Congratulations go to Barack Obama for his victory last night. He did what few Democrats have managed to do this century: win majorities in both popular vote and the Electoral College. Bill Clinton couldn’t do that in either election, and he was one of the most gifted politicians of this era.
Having gone through more than a few presidential elections, I tend to be more philosophical about their outcomes. Winning is never a complete blessing, and defeat is rarely a complete disaster. As I told people last night, we survived Jimmy Carter, who got elected with a similar “change” wind at his back after Watergate and the Vietnam War. He also had large Congressional majorities, and the Fairness Doctrine had been firmly in place for decades.
I hope that Obama turns out to be a better President than Carter, not for Obama’s sake but for the country’s sake. Christopher Buckley and other conservatives engaged in some wishful thinking by claiming that his victory would somehow lead him to become centrist rather than a liberal ideologue once in office. Obama has always been pragmatic, as his campaign showed; it will be up to us to work to get that to happen.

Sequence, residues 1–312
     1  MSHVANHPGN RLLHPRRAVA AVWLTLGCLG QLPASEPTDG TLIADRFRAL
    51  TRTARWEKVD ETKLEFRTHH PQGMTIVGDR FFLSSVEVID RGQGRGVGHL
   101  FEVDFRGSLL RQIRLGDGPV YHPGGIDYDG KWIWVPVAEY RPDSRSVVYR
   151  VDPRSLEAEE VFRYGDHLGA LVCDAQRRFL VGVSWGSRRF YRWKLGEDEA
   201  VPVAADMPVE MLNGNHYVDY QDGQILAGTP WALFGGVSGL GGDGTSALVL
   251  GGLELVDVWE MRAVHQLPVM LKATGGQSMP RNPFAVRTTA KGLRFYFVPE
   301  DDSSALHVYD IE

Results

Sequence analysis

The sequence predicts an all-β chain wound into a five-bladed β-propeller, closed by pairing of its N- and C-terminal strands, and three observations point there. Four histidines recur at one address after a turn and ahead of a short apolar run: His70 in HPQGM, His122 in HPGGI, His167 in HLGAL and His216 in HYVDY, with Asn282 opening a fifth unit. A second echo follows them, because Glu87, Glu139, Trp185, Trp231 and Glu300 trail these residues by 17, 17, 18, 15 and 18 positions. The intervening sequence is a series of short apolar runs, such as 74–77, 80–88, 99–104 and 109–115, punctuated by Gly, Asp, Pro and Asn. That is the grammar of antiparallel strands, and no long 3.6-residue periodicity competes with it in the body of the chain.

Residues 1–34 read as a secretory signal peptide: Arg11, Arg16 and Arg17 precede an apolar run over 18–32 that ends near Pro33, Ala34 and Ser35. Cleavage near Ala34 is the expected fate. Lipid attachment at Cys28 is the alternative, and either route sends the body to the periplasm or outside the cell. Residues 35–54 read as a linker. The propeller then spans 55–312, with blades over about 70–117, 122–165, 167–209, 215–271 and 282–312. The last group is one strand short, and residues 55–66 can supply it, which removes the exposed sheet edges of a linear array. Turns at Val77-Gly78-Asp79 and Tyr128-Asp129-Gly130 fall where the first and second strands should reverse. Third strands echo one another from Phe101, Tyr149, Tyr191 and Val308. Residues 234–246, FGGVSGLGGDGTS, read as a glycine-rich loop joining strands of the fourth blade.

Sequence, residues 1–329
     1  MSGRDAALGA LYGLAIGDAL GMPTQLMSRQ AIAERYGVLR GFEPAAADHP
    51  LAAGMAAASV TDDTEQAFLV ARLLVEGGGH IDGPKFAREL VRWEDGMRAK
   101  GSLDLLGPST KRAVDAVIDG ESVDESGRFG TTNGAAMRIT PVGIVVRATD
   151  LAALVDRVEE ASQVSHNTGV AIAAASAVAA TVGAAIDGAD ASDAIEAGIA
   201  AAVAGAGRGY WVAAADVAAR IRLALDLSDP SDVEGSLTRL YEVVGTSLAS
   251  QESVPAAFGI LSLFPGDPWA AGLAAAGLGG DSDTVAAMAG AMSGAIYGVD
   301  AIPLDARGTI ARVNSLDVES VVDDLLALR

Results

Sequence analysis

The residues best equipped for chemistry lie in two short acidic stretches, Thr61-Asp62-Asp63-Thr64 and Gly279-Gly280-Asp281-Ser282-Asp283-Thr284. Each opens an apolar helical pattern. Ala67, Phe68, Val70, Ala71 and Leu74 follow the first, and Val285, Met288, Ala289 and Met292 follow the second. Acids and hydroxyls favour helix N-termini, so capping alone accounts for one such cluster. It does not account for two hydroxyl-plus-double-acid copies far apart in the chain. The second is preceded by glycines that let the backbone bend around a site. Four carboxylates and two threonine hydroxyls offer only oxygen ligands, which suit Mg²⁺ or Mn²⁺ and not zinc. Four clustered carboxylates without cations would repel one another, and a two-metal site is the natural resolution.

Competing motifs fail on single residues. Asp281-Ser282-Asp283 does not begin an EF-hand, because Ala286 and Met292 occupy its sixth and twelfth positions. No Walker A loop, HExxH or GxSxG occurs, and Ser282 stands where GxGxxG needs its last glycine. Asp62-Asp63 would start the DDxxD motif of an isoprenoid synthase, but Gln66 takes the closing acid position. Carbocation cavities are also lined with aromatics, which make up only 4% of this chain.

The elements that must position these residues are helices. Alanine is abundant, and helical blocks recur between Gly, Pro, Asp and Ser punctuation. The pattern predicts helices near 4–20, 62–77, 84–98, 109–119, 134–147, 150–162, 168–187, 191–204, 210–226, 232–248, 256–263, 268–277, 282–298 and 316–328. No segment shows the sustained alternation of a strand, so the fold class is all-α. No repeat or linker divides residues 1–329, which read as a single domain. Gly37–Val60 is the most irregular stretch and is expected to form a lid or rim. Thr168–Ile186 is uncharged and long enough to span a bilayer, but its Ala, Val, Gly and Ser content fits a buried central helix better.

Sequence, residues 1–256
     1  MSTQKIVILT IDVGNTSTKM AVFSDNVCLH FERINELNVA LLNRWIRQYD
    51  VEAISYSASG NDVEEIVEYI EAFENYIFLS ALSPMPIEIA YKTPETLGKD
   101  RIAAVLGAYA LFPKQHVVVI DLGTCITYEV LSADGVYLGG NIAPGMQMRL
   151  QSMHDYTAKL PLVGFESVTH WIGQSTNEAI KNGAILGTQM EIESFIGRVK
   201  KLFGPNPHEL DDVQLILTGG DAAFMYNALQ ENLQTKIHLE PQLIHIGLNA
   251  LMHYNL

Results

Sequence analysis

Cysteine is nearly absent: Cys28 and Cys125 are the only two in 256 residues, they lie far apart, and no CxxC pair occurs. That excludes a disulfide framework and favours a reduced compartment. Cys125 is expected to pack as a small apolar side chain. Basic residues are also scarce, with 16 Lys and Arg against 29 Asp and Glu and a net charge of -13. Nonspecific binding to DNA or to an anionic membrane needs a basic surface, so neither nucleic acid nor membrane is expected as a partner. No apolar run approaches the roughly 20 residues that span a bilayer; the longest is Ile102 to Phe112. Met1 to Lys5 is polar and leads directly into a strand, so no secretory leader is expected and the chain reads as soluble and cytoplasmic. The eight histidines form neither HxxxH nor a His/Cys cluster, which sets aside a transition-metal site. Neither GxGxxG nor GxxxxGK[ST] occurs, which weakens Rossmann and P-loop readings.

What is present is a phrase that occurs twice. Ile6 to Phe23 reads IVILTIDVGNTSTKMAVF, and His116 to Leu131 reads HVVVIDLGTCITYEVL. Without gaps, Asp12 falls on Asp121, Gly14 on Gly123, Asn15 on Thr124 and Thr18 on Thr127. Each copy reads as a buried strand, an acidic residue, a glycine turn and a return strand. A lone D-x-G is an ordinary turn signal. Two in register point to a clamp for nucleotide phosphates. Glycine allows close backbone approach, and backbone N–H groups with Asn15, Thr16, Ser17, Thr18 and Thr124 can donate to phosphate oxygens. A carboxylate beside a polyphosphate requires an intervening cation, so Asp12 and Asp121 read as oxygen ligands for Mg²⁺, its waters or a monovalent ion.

The voters in America wanted a significant change, however, and they got it last night in the proper manner — at the ballot box. Obama’s victory was no fluke; he beat John McCain by seven million votes and won more states than Bush did in either of his two elections. He will have stronger majorities in both chambers of Congress for his party, and will have legitimate claim to a mandate.
Over the next four years, Republicans and conservatives have to work to rethink their approaches, find new leadership, and work to keep the worst excesses of the Democratic policy from becoming reality. In 2010, we will have an opportunity to rebuild. We need to do that through ideas, policies, and strong leadership, not by acting … well, like the Left did throughout much of the Bush years.
It’s time to get back to work.